The relevant portions of the policy's exclusions included "[w]ater [d]amage" which was defined as including, "water below the surface of the ground, including water which exerts pressure on, or seeps or leaks through a building, sidewalk, driveway, foundation, swimming pool or other structure."*fn3 Additionally, the policy had an exclusion for "[n]eglect," which required the "insured to use all reasonable means to save and preserve [the] property at and after the time of a loss." Finally, there was an exclusion for damage caused by
Faulty, inadequate or defective:
(1) planning, zoning, development, surveying siting;
(2) design, specifications, workmanship, repair construction, renovation, remodeling, grading compaction;
(3) materials used in repair, construction, renovation or remodeling; or
(4) maintenance; of part or all of any property whether on or off the residence premises.
Plaintiffs' home was ravaged by three storms. The first of these storms occurred in December 1992. The storm caused substantial damage to plaintiffs' home. Additionally, as a result of that storm, the house became "flooded." Plaintiffs made a claim to Prudential to receive coverage for the damage to the house. According to Connelly, Prudential provided coverage for the damage caused by that storm.*fn4
Thereafter, on March 4, 1993, the house was hit again by another storm. According to Connelly, the house became flooded again, "the shingles were all over again," and "had blown off the house," the "windows were smashed," and "the doors had blown in again." Consequently, plaintiffs made another claim to Prudential for coverage of the damage. In the interim, to prevent more water from coming into the house, plaintiff had "tarpons" placed on the roof. Subsequently, on March 13 or 14, 1993, plaintiffs' house was hit by a hurricane, which Connelly called "[a] great blizzard of the century." As a result of this third storm, the "tarpons" which had been placed on the roof of the house were blown off. Thereafter, Connelly, once again, tried to prevent more water from entering the house by creating "an aqueduct from the attic running through the property." Connelly created the aqueduct by stapling "heavy clear plastic tarpons... to the roof joists" and "[running] it on angles down the house."*fn5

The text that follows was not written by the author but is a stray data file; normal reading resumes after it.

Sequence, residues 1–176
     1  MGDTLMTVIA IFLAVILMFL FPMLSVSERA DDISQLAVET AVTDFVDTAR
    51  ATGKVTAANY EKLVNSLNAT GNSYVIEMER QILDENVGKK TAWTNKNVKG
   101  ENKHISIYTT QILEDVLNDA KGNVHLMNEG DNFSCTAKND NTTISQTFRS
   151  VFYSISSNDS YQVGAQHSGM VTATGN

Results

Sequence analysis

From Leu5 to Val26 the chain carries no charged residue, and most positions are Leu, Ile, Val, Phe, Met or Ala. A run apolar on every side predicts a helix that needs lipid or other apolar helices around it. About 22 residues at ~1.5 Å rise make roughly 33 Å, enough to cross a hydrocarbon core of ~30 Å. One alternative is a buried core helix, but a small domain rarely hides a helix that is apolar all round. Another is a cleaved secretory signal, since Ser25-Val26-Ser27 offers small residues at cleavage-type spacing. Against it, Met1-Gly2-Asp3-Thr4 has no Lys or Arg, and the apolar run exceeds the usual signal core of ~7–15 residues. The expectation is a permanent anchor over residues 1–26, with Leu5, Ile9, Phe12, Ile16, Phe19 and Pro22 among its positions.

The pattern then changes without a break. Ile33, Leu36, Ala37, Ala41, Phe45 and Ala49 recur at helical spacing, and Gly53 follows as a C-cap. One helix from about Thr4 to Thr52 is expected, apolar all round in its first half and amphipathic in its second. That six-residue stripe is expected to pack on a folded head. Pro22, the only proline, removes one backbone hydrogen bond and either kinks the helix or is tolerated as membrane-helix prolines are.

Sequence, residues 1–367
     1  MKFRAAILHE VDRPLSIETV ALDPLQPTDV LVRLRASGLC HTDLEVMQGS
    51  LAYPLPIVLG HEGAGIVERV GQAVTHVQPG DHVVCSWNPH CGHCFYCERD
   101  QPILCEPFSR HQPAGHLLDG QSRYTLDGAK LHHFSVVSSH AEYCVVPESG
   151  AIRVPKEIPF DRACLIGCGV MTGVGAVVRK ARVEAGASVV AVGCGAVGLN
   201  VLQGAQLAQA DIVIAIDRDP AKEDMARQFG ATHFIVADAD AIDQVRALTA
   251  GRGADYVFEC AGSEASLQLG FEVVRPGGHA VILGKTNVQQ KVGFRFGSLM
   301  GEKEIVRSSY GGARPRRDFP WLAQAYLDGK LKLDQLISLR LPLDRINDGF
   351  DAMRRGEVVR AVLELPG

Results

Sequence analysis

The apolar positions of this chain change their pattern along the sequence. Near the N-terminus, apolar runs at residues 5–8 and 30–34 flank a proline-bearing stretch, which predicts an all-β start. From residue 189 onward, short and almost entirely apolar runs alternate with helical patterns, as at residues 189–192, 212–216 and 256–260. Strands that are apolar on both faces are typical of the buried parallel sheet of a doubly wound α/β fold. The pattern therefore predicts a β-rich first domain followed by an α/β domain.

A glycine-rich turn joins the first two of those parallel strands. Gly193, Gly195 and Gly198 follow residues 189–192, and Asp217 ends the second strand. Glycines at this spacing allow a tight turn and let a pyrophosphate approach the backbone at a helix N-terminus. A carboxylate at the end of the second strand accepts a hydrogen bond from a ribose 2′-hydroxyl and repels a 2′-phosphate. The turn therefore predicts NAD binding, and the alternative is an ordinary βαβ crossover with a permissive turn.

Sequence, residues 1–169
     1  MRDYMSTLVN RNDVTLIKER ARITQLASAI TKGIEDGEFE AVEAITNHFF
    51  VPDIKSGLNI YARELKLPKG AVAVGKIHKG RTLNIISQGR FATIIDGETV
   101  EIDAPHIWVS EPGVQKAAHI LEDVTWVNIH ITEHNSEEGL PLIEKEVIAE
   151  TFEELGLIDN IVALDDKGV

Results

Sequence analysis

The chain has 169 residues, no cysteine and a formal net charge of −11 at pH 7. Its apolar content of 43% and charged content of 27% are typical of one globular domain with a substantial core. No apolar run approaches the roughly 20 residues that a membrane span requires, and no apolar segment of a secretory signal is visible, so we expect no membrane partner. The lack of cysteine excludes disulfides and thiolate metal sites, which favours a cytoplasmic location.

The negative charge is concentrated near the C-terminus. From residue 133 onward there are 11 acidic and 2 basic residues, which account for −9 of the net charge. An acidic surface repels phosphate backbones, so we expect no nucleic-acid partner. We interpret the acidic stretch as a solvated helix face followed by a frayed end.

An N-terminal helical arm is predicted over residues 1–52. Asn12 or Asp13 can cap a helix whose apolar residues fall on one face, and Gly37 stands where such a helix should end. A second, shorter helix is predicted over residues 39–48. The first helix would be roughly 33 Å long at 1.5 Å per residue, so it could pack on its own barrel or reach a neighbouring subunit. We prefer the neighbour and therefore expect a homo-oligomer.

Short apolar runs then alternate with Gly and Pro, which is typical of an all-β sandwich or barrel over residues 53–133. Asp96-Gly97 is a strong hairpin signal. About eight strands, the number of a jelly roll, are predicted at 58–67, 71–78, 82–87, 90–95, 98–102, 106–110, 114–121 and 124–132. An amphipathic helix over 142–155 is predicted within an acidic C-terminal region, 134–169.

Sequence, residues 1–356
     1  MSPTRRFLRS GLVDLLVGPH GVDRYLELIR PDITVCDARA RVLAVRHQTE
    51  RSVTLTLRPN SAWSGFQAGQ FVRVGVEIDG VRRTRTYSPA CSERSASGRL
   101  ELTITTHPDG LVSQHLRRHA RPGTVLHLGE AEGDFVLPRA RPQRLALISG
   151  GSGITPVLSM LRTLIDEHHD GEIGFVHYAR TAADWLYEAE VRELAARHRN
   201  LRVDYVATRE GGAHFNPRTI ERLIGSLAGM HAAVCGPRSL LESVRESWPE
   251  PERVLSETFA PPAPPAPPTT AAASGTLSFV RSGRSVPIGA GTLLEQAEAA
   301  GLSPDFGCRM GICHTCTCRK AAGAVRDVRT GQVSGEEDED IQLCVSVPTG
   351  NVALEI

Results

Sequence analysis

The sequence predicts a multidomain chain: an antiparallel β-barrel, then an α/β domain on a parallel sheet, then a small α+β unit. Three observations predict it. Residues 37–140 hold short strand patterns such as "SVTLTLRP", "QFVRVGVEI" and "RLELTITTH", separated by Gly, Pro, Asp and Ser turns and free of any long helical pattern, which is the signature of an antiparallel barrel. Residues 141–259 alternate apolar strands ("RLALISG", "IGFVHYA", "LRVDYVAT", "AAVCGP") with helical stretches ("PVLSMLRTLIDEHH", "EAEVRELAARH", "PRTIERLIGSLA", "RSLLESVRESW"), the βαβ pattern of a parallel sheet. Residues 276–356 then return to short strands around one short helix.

According to Connelly, despite his claims, Prudential did not provide an official notice denying plaintiffs' claim for coverage, but it never provided coverage for anything but the damage from the first storm.
Thereafter, Connelly did not make further attempts to repair the damage because the estimates totaled about $90,000. Thus, between 1994 and 1997, plaintiffs did not make any additional repairs to the house. Consequently, "[t]he house fell into a state of poor condition due to the moisture damage, the property damage... [and] mold infestation." By mid 1994, there was a substantial growth of mold in the house such that the house was declared "uninhabitable" in August 1994.
Despite plaintiff's testimony relating to three storms, his brief speaks of only two. Undoubtedly, because he focuses on the malpractice action, his brief states that "the home sustained additional substantial damage when the roof partially blew off the premises" in March 1993, whereas his testimony refers to two separate storms in March 1993 after the December 1992 storm. We find these differences to be immaterial, as all the damages sustained in March were apparently embodied in the second claim to Prudential.
As a result of Prudential's failure to provide coverage, in August 1996, plaintiffs filed a pro se complaint against Prudential and other entities seeking reimbursement and other remedies. However, plaintiffs' complaint against Prudential and the other defendants was dismissed for failure to provide a more definite statement.*fn6 According to Connelly, plaintiffs were given a year to file a motion to vacate the dismissal. This was not done.